To urge or incite to hostile action, as in siccing dogs upon someone. In a metaphoric sense, any time someone is ordered to go after another. There is an implication that the purpose is to do harm to the object of siccing, not simply to dissuade or drive off.
In the coverage of Winona Ryder's shoplifting trial, E! Online describes Saks security manager Kenneth Evans as “siccing the security cameras on her.”
Don't know sic 'em. This turn of phrase is used to describe a stupid person. While used in this shorthand form it is meant to imply a longer formulation: “doesn't know sic 'em from 'come here.'” The implication that stupidity is illustrated by an individual's inability to distinguish things that are obviously different or opposite is found in numerous colorful turns of phrase such as “doesn't know his ass from his elbow” or one of my father's favorites, the alliterative, “doesn't know shit from Shinola.” The lexicographer Peter Tamony is reported to have opined that sic 'em is a corruption of “seek 'em”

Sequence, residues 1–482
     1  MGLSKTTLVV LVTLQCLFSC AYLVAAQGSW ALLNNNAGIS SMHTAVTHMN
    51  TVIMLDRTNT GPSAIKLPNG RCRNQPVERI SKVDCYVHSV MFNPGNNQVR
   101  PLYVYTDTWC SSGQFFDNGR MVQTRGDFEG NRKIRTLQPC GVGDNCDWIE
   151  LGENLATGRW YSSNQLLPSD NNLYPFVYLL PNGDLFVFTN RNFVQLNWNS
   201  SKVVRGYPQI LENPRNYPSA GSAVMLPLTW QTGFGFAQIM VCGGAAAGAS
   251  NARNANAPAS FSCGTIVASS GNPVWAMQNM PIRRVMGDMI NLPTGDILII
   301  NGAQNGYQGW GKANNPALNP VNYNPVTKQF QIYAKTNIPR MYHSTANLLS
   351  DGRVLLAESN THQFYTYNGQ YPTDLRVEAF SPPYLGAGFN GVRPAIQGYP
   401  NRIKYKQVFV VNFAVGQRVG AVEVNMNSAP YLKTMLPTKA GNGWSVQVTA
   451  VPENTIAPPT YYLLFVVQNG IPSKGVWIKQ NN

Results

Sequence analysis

1. The American Heritage® Dictionary of the English Language, Fourth. 2000. Accessed from http:// www.bartleby.com/.
2. Ryan, Joal. 2002. Tale of Two Winonas. E! Online. Accessed Apr 18 2008 from http:// story.news.yahoo.com/ news? tmpl=story&u=/ eo/ 20021029/ en_celeb_eo/ 10747.
3. Safire, William. 1993. Sic 'Em. New York Times Magazine, Jun 13, 14.